If the framework is followed blindly by management, then process changes might be made that are not required or are not suited to the organization. This risk is especially enhanced when external consultants make up the implementation team. Often, outside consultants do not have the same level of business understanding or may lack the motivation to address the specific needs of the organization. They may rush through assignments to meet their internal deadlines without considering whether changes are arbitrary or how employees feel about them. To help IT departments, auditors should look for evidence that the implementation team is incorporating the opinions and ideas of employees; after all, it is the employees who will be following these procedures on a daily basis. Internal auditors should also conduct interviews with employees to assess if they feel that their opinions and ideas were considered by the implementation team.

Furthermore, new controls stemming from framework implementation may segregate duties previously performed by one person. As a result, that employee may feel that the new control was implemented as a way to spy on or micromanage his or her work. To help prevent this, auditors can educate employees on the added benefits of these new measures to the organization as a whole. Educating employees and providing the adequate level of training should change the perception that the adoption will simply result in more controls being forced upon employees.

Step 3: Review the implementation process to ensure that it does not result in bureaucratic processes being adopted.
Policies and procedures that have not been thought through may result in implementation of bureaucratic processes. Such processes are categorized as those that involve unnecessary amounts of paperwork, a long chain of approvals, or slow turn-around time. Bureaucracy slows down the workings of an IT division and makes it difficult for it to serve the organization with efficiency.

Bureaucratic procedures are developed when the implementation team fails to identify the many processes that are in practice within the organization and instead develops overly broad policies and procedures that are meant to fit all situations. Such a risk is increased when outside consultants, working on a deadline, have been hired.

A good example is the software development life cycle. Procedures that define the entire software development life cycle should require a methodology, approvals, feasibility studies, and consultations with executives across the organization. However, this procedure is suited to large scale development projects but is impractical for small projects. Therefore, procedures relating to software development should include provisions for smaller projects whereby extensive and meaningless documentation or approvals are bypassed.

Internal auditors should ensure that the implementation process incorporates the means to identify all of the processes that the organization faces and hence develop practical policies and procedures with which to address them. One way is to hold brainstorming sessions with employees specifically to identify all processes in place in the organization. This step could help ensure that policies and procedures are practical and will not result in the development of bureaucracy.

Step 4: Review the approval process.
Although the U.S. Sarbanes-Oxley Act of 2002 and other regulations have changed the way most executive boards approve the implementation of IT best practices and frameworks, many boards still approve implementation without assessing if the framework meets the organization's needs. The board may feel that they are not in a position to comment on IT-related issues or they do not understand these issues. Internal auditors should assess whether the implementation team is making an effort to ensure that executive boards completely understand the IT governance or information security framework.

Auditors should also recommend that the implementation team achieve this understanding by giving detailed, clear, and non-technical presentations to the board that explain the framework's policies and procedures. During these presentations, the board should be made to feel comfortable with and understand the documentation, the processes and technical solutions to be implemented, the organizational structure to be adopted, and the procedural measures to be incorporated. The implementation team should be available to answer any questions or queries the board might have.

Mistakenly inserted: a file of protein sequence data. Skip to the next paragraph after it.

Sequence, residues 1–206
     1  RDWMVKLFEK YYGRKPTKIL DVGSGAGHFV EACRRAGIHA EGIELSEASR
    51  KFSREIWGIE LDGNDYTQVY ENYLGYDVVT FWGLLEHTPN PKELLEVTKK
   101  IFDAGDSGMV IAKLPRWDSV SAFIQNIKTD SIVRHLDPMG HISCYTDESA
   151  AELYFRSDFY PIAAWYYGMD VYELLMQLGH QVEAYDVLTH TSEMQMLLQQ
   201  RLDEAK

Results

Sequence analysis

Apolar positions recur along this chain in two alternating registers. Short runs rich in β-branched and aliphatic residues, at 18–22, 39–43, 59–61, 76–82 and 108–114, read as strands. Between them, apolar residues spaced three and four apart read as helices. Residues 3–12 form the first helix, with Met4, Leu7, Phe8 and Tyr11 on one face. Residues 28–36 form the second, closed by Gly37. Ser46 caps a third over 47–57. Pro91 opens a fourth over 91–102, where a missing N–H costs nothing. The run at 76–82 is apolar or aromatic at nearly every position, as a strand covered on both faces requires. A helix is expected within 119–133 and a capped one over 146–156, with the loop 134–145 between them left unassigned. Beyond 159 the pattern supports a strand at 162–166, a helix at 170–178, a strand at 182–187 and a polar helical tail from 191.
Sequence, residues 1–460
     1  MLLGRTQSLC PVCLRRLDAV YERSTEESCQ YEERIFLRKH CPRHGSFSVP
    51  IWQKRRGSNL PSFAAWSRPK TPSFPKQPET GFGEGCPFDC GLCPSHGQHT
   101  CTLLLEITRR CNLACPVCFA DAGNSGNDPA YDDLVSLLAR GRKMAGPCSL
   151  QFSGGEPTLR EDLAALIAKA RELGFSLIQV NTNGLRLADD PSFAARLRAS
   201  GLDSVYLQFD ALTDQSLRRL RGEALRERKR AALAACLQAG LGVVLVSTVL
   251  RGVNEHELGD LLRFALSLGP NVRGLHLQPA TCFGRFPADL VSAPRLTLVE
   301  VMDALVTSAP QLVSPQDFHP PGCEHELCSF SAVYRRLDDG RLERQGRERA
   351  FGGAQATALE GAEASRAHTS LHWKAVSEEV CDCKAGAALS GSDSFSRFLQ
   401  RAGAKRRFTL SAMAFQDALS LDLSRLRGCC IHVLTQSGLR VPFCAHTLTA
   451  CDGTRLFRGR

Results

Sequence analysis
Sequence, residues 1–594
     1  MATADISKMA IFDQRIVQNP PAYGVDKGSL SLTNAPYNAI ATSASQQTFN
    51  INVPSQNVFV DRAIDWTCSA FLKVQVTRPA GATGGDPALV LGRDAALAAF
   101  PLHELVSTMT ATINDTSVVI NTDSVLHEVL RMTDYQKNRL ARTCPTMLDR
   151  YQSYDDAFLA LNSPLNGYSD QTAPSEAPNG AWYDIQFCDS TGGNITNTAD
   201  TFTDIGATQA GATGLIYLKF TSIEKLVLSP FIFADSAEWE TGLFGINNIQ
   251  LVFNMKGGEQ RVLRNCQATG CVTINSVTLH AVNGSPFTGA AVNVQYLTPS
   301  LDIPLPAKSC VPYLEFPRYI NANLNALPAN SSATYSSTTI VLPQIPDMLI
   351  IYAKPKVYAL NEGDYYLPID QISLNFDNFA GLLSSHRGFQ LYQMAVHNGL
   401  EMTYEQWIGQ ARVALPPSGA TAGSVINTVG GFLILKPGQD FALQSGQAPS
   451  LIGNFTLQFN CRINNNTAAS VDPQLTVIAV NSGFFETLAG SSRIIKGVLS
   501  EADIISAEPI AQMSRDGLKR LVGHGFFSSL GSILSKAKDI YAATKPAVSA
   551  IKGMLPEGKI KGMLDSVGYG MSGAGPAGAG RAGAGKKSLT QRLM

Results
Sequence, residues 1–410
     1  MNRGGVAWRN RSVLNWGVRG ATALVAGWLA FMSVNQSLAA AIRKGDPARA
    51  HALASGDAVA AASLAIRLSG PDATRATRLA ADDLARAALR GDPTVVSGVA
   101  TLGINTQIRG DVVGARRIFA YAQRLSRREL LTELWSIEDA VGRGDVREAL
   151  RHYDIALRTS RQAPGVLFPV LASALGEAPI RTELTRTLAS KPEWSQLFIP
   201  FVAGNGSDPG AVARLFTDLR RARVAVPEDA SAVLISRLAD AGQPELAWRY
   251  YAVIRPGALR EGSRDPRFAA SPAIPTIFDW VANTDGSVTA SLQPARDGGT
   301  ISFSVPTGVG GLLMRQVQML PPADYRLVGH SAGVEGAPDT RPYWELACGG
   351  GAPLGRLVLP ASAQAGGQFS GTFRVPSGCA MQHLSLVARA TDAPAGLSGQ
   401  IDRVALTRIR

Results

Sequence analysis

Step 5: Evaluating post-framework implementation.

Framework Choices

Popular framework choices and best practices for IT governance and information security include the UK's Office of Government Commerce IT Infrastructure Library, ISACA's Control Objectives for Information and Related Technology, and the International Organization for Standardization's 27001: 2005 Standard, Specification for an Information Security Management System.

Once the documentation is completed, technical methods are applied, procedural measures are established, and organizational structures are put in place according to the newly adopted framework, end users will often request changes. If management is too rigid and does not incorporate reasonable demands, end users may feel disgruntled. To help IT departments prevent the presence of unhappy employees, auditors should determine whether sufficient avenues to discuss the framework have been established with employees and whether senior management is making an effort to obtain and validate their opinions. Furthermore, they should gain an understanding of how end users feel regarding the newly adopted framework by focusing on signs of dissatisfaction or views that the new framework is not maximizing company processes. Views from different business users of the organization should be taken by internal auditors to see how they feel the IT department is operating with the newly adopted IT governance framework.


When auditors understand their role in assuring that the implementation team is considering the organization's needs and the opinions of employees, they can greatly improve the organization’s implementation of a framework.

Syed M. Salman is a senior information systems auditor for Ford Rhodes Sidat Hyder & Co. Chartered Accountants, an Ernst & Young International member firm in Pakistan. Previously, he worked for Deloitte in Karachi, Pakistan. Salman has conducted reviews of general computer controls in companies where computer processing environments play a dominant role in business operations in Pakistan and the Middle East. He has been a part of business continuity planning efforts at major financial institutions.